Today’s guest post by Elyas is another instalment in the ongoing MA review series. So far 11 former students of MAs in Europe have written about their courses in 8 articles. Before Christmas there’ll be another two posts on the MAs at Swansea and Leeds. If you have studied an MA and would like to share your experience, please get in touch (my email address is in the right margin). See this page for more details about writing for this blog.
I graduated from the ISTI (Institut Supérieur de Traducteurs et Interprètes), located in Brussels, in 2010, having studied an MA in Translation & Language Industries. This specialization is a compulsory part of the second year of the MA, following the Bologna decree for European harmonization. For that specific year, students can choose between four different specializations:
- Multidisciplinary translation
- International relations translation
- Literary translation
- Translation and language industries
I have to admit that, even during my first year of the Master’s, I was still not sure what exactly I wanted to do in my future professional life. The image of the freelance translator working alone at home did not exactly thrill me (even though I’ve changed my mind since then).
I then began to take part in some seminars the university organized to explain the pros and cons of each specialization. But as this Master’s was only put in place one year before (the specializations existed, but in the form of a non-compulsory one-year specialization after the licentiate degree), getting a clear picture of it was not easy.
On the other hand, I didn’t want to opt for the ‘multidisciplinary translation’ option, as this was the ‘logical’ continuation of my degree course: since I had the chance to specialize in one of these fields, why not seize that opportunity?
For all those reasons, I eventually decided to opt for translation and language industries, as it was the specialization that most appealed to me. The program covered:
- Audiovisual translation (subtitling)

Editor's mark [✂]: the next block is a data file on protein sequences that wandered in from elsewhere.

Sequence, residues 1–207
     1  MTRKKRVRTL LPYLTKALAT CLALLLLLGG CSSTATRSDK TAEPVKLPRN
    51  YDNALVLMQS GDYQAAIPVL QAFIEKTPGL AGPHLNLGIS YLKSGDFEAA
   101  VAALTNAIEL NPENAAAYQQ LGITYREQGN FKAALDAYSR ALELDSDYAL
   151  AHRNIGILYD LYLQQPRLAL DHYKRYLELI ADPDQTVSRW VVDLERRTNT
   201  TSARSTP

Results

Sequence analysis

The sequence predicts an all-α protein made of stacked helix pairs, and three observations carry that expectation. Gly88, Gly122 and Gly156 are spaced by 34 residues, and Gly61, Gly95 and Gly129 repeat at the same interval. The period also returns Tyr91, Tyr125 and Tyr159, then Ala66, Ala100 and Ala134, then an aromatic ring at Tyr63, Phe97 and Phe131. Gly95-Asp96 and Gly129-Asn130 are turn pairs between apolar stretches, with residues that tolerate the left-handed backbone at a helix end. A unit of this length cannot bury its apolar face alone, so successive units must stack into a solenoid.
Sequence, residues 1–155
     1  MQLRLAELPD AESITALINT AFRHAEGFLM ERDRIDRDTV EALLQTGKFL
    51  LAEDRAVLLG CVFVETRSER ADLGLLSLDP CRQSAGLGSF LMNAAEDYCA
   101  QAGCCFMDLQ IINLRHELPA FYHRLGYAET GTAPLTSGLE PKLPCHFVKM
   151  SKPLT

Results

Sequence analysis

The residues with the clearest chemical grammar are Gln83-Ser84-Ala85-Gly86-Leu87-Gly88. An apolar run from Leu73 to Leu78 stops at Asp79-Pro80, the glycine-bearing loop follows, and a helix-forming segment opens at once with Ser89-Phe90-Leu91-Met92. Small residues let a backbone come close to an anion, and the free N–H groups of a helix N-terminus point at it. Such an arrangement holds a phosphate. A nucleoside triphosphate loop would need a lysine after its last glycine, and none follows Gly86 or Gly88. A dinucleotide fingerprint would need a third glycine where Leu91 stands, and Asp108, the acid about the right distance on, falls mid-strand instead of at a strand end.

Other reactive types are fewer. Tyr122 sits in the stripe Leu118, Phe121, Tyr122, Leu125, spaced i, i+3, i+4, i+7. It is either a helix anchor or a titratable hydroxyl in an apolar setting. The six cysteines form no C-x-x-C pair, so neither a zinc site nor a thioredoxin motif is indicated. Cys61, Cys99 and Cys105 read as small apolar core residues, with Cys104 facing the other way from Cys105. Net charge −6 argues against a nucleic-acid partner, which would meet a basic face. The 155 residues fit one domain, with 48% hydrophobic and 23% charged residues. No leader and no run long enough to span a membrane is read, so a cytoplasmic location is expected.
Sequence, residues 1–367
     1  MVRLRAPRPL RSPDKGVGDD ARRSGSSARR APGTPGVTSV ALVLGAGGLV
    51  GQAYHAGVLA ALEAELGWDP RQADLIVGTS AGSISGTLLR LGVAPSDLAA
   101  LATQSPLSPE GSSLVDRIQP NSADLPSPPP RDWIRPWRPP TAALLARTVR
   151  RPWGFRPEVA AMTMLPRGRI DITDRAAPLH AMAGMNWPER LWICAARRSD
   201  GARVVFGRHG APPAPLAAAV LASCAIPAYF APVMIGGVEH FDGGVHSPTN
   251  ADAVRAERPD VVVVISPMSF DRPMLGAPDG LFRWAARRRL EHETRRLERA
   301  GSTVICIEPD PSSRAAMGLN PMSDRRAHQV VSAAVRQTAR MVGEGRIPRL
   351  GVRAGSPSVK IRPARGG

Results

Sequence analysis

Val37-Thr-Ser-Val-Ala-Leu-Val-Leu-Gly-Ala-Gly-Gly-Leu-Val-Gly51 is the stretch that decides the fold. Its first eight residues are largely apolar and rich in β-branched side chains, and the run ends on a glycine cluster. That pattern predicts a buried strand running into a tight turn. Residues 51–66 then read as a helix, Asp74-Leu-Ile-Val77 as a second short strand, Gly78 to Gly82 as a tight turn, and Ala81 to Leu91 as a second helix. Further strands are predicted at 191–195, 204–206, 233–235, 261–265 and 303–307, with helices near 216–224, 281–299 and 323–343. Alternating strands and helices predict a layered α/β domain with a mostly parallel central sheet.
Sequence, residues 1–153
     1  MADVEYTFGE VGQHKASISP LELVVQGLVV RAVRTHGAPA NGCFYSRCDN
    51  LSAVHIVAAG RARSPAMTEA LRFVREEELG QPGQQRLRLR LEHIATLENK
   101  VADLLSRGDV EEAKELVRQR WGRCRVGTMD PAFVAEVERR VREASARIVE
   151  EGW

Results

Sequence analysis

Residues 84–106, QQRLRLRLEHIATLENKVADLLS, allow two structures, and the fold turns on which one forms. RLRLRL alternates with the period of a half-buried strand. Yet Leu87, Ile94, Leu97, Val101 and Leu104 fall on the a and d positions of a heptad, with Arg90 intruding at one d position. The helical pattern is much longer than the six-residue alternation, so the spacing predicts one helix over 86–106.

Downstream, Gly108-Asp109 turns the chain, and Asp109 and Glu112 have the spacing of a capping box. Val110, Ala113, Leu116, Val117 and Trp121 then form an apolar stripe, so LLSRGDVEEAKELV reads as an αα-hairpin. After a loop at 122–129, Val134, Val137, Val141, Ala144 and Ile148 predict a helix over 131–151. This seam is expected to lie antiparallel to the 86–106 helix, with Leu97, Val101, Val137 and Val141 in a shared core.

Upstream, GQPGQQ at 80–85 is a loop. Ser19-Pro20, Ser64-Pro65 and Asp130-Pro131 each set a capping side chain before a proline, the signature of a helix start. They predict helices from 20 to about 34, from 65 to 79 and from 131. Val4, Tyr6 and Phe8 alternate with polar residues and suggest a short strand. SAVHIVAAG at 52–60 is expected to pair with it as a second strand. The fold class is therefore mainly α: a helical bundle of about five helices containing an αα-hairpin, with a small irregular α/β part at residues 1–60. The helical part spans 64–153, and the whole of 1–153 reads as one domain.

- Translation project management
- Web and software localization
- Use of CAT tools
- Terminology management
And I was not disappointed. The courses broadened my mind to other jobs I could do in translation! I began to see the Master’s from a completely different point of view. The courses were so rewarding and all very interesting.
For my last-year thesis, I subtitled a scientific BBC documentary and I did a three-month internship as a translation project manager in a private translation company. Both experiences enabled me to gain a great deal of confidence in those two specific fields.
When I graduated, I was hired as a translation account manager by a Brussels translation company (undoubtedly as a result of my internship during my last year) where I spent five rewarding years. The company is small in size (a dozen people) but has a strong presence in the international translation landscape. As it was small in size, I had to multitask and, therefore, I learned a lot of things (in ICT, human resources, CRM handling, customer management, customer care, team management, accountancy, and so on). I was also promoted, after a few years, to additional roles, such as team leader and help-desk and procurement manager.
After five years or so, I had the opportunity to go through a competitive process for a job as a translation assistant in an international organization, for a definite contract of 3 years, with a possibility of a new three-year renewal. For this role I needed to be multi-skilled, flexible, stress resilient, a team player and to know how to use CAT-tools. I think my five-year rewarding experience in that Brussels translation company certainly helped me land the job.
Looking back, I think that what I learned during the translation and language industries Master’s at ISTI really made a difference. Not only did the multidisciplinary education provide a solid background, but we also had the opportunity to complete an Erasmus (I spent four months in Russia during my BA) and internships in professional companies, both in Belgium and abroad. Seminars are also organized throughout the year. We also had visitors come to talk to us about their jobs and experience in the translation industry.
For all those reasons, I would, without hesitation, recommend the four MAs at ISTI. All are very good and of a high level, but I specifically recommend the translation and language industries MA because I think it provides better preparation for students who would like to become freelancers afterwards (i.e. the most usual outcome for anyone studying translation) by giving them a real, substantial picture of what the translation world is really like (but of course, this is my opinion!) :-).
Elyas has a BA in translation and interpreting and an MA in translation & language industries. He used to work as an account manager in a private translation company in Brussels for five years. He now works as a translation assistant in an international organization.
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